Superficially, Shelagh Delaney’s 1958 play, A Taste of Honey, appears to be one with the so-called “kitchen sink” works such as the plays of John Osborne and Arnold Wesker, works that portrayed the poverty-stricken surroundings of their characters upon the British stage. Moreover, Delaney came to be associated with the lower, middle-class writers of the so-called “Angry Young Men” of the 1950s.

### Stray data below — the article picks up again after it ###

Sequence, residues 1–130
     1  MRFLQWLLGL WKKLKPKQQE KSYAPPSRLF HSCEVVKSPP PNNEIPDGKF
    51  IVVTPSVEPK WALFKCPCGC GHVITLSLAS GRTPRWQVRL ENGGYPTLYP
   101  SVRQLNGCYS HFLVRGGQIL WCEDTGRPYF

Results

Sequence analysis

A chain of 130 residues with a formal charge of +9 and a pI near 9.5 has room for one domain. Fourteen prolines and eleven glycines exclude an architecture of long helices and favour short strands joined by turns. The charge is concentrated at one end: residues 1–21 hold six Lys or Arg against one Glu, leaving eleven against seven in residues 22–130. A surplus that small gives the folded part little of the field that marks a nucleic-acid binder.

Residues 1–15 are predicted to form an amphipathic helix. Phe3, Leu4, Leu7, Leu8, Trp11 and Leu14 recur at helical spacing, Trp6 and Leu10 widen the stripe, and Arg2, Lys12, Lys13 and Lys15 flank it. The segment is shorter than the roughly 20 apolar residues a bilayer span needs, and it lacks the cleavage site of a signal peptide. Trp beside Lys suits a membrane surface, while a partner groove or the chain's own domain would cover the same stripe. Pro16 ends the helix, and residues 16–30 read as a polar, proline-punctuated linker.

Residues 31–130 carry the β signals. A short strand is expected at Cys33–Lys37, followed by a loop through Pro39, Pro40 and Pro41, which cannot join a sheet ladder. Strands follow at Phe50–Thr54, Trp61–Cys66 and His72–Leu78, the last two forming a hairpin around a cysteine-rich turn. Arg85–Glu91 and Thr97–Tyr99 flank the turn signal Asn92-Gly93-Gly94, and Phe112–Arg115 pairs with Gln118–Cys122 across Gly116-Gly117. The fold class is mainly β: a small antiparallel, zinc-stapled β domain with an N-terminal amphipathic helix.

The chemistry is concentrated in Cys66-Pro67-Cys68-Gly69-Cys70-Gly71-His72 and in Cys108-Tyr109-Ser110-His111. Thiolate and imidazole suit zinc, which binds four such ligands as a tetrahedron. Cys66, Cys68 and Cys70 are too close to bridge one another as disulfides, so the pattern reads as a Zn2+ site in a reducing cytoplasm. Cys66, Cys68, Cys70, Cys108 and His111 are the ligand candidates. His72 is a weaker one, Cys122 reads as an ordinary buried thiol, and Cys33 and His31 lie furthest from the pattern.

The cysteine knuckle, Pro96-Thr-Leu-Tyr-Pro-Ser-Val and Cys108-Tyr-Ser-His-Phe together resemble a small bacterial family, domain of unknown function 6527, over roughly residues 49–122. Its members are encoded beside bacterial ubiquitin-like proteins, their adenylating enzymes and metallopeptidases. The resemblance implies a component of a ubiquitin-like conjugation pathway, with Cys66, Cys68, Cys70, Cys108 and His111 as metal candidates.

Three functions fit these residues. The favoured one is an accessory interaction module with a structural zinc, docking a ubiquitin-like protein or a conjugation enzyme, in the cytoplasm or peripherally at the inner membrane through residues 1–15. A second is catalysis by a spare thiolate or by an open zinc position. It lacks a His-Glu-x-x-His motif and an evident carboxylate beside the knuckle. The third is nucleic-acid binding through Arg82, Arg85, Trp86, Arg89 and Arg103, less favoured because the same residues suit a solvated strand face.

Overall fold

There’s a little boy there and his hair, honestly, it’s
walking away. And his ears. Oh! He’s a real
mess! He never goes to school. He just sits on
that front doorstep all day. I think he’s a bit
helen: ….Pass me that bottle—it’s in the carrier.
jo: Why should I run round after you? [Takes whisky
bottle from bag.]
helen: Children owe their parents these little attentions.
jo: I don’t owe you a thing.
life and then he ran off with that landlady’s daughter.